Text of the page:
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An article including tips for parents of anxious children
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The stages of attachment and how to help your child (and you) attach
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Emotional Regulation in Adopted Children and Teens And How schools can help kids impacted by Trauma
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CHECK OUT THE MOTHER DAUGHTER BOOK CLUB
DISCUSSION GUIDE!!!



"I got "Returnable Girl" for my daughter, Amanada (Mandy), and she liked it so much that I ended up reading it too. What I liked most about it was its appeal to all ages. The details were clear and crisp and easy to remember, so we've been able to discuss it at different times and now it has become something "special" we both share together. This is wonderful, especially since it's hard enough to get a 14-year old to talk to a parent in the first place. Keep them coming..."

1. Ronnie is a foster girl who is willing to do almost whatever it takes to be popular.

GIRLS: What does it mean to be popular in your school? How are popular kids different from everybody else? How are they the same? Do the popular kids ever exclude those less popular? How do they do that? Why do you think they act that way? What are the advantages/​disadvantages of not being a part of the popular crowd?

Middle school is a time where it can sometimes be especially hard to feel like you fit in and belong. Thankfully, by the time they get to high school most girls feel more comfortable in developing their unique identities instead of conforming to the status quo.

MOMS: When you were growing up was their a “Cat” in your school? What was she like? Can you tell about a moment in your life when you felt excluded or like you didn’t fit in?

(ACTIVITY)
Role play a situation where you might help a girl who doesn’t fit in.


2. The roles of bully or aggressor, victim and bystander are portrayed by the characters in Returnable Girl. Find a definition and/​or discuss what you think each of these terms means. Which of these roles best fit Ronnie? How does her role change depending on who she’s with? Why do you think that happens?

GIRLS OR MOMS: Have you ever found yourself acting differently around different people? What are the different roles you have in your life? Which role do you identify with the most?


3. Cat is a character who uses her sexuality to attract boys.

GIRLS: Do you know girls at school who do that? What names are they called? What do you think about Cat’s relationship with Tyler? How do you define “cheating” in your school? How can you help each other cope if somebody “cheats” on you?


4. Alison keeps Ronnie’s mother’s letter from her because she said she wanted to protect her, yet it destroyed the trust Ronnie had for her. Sometimes parents make hard decisions when it comes to protecting their teens.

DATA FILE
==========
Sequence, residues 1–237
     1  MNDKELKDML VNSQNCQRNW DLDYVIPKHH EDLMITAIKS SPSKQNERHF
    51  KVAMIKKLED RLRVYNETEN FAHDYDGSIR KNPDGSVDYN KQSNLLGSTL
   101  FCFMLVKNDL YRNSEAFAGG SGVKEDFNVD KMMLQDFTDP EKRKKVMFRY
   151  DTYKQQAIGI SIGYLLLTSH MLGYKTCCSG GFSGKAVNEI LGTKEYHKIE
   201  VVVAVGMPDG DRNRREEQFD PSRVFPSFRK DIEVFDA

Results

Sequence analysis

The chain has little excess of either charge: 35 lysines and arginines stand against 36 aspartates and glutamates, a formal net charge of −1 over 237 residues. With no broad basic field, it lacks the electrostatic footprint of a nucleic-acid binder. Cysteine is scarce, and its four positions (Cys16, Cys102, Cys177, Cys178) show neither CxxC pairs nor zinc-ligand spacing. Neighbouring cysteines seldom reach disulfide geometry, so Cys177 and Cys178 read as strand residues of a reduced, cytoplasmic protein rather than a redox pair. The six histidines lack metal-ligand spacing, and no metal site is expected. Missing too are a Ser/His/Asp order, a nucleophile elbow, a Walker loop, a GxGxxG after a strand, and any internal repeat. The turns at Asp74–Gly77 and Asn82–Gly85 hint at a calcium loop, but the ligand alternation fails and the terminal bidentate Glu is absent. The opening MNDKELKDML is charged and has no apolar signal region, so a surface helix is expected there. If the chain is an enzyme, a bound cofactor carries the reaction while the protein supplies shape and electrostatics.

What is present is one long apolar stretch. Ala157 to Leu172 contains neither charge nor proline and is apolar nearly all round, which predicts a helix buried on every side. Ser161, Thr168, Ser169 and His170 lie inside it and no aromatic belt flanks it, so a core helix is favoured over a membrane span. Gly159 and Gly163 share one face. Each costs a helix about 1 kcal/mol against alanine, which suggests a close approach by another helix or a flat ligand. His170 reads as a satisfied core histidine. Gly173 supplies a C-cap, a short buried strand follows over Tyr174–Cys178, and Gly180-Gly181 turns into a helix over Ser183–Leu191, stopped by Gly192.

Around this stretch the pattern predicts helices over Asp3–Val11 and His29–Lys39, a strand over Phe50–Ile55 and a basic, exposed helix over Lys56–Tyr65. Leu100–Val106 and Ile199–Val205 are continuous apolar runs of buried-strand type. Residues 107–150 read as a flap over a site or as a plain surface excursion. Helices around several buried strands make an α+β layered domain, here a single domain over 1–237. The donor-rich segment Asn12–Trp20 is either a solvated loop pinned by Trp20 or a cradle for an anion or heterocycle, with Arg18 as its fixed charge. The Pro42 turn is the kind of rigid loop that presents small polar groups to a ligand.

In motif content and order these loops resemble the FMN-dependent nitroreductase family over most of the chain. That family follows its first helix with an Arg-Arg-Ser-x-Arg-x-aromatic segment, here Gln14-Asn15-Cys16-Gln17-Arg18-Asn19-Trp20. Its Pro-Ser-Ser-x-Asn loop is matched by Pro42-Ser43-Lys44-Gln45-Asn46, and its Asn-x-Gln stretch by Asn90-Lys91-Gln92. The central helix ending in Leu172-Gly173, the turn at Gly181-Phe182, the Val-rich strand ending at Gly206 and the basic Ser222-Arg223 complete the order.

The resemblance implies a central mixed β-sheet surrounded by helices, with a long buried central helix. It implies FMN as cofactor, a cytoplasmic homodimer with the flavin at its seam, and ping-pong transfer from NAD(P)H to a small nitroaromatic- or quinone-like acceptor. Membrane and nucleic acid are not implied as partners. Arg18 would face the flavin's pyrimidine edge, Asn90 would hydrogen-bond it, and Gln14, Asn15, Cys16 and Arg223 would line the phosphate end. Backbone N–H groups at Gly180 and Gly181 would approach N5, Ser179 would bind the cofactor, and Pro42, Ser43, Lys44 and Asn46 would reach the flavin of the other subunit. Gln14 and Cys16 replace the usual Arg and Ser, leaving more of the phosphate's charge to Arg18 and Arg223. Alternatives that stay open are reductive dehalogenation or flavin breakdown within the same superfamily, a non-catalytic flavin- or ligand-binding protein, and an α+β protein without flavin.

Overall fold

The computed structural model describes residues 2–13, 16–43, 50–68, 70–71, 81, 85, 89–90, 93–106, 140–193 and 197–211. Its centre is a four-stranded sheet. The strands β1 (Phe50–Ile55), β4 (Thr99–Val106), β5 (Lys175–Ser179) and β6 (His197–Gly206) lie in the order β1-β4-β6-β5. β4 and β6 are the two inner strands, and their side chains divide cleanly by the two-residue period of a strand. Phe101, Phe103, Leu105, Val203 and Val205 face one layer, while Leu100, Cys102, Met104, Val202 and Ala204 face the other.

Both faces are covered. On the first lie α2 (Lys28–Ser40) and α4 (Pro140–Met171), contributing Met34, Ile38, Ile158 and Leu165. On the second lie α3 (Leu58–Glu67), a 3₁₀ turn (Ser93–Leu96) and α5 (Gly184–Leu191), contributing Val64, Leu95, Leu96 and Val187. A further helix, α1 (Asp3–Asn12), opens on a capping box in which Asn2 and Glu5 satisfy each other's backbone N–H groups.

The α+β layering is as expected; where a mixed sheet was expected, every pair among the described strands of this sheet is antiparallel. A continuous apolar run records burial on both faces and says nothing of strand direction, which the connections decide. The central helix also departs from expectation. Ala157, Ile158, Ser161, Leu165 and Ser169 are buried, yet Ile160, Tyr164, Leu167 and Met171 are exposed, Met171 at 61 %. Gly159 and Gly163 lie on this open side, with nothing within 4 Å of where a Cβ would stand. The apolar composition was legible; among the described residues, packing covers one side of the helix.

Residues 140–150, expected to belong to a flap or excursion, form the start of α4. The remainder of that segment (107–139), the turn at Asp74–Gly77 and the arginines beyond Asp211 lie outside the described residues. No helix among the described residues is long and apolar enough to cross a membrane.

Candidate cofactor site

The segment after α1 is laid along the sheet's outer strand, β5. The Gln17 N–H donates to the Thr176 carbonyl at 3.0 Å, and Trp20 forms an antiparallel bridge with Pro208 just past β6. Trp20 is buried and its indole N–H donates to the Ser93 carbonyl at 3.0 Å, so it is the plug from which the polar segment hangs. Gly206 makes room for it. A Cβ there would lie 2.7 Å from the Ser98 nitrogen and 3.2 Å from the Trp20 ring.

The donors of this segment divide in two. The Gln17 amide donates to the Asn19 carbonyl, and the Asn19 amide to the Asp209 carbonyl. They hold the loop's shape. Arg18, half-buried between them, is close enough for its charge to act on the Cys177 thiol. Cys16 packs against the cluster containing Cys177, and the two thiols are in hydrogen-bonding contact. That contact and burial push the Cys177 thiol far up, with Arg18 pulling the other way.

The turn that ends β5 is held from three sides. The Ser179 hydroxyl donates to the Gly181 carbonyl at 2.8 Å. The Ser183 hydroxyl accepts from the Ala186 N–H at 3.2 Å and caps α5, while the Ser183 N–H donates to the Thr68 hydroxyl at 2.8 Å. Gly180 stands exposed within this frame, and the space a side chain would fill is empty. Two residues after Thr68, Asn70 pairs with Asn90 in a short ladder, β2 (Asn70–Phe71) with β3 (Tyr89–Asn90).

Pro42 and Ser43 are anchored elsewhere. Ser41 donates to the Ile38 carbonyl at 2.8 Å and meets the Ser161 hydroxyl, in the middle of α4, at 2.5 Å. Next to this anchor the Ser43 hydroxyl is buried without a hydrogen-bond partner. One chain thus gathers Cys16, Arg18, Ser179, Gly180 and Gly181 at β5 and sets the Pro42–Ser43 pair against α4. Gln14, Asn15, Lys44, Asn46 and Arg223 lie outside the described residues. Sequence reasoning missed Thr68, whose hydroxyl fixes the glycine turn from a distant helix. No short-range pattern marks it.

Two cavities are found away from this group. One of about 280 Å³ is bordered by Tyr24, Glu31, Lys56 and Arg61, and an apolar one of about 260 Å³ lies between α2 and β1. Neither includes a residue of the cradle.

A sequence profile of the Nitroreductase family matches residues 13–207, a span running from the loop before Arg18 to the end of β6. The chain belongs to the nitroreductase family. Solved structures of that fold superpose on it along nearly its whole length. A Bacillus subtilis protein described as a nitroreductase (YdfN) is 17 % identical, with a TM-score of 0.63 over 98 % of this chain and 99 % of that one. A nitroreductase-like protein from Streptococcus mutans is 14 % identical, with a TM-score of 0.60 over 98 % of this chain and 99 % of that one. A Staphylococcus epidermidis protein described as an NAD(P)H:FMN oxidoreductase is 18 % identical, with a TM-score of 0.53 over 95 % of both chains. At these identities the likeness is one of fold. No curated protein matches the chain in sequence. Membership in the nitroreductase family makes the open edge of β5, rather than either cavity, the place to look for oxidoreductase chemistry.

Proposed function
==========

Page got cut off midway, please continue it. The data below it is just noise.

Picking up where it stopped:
MOMS: Have you ever had to prevent your daughter from doing something you knew might hurt her but she got mad at you anyway? What might you do differently today had you had the chance?
GIRLS: What are things that you used to enjoy doing with your mother, but don’t anymore? What do you still enjoy doing with your mother and wish you did more of?


5. Kids don’t often use extreme violence to hurt one another, but when it does happen, it’s scary and tragic. Were you surprised that Cat had put the bullet in the gun? Does it seem realistic that she might try to shoot Paige?
GIRLS: What can you do to help prevent violence in your school?

MOMS: Does your school have an anti-bullying program? If not, how can you start one?

6. Ronnie says if she could, she would have “told someone sooner about everything.” When do you think she should have told? Do you think it would have made a difference? How?
(ACTIVITY)
GIRLS: Role play how you might tell your mom about a friend in trouble and brainstorm together what to do about it.
Parents have a hard time telling other parents if they find out something bad about their teen. Their daughters fear that there could be social repercussions for telling.

MOMS: Role play a conversation when you have to tell another mom that their child was in trouble. Remember to stress with the parent NOT TO TELL their child where they got the information. (Note: see Awkward Conversations article on my website for help http:/​/​pamelalowell.com.)

7. Describe the relationship between Ronnie and her biological mother. How does it change throughout the story? Do you think Ronnie truly forgave her mother in the end? Would you? What do you think it meant when Ronnie tore up her mother’s picture and said she wasn’t going to need it anymore?

8. Have you ever known anyone who was adopted or in foster care? Did this book give you a better understanding of some of the things they may go through? What do you think would be the hardest thing about being adopted or in foster care?


9. When Ronnie gets to Alaska, she rubs the nose of the sled-dog, realizing that dogs have “the ability to pull from darkness into the light.” Who or what do you think she’s really talking about here? In this story how are Francis and Lucky and God alike? How are they different?

GIRLS: What do you do, or who helps you when you’re having a problem and need to take care of yourself?

MOMS: How are you modeling taking care of yourself for your daughters?

STUDY GUIDES FOR
FOSTER/​ADOPTED CHILDREN
and for
FOSTER/​ADOPED PARENT SUPPORT GROUPS
CAN BE FOUND ON
"BOOK CLUB" PAGE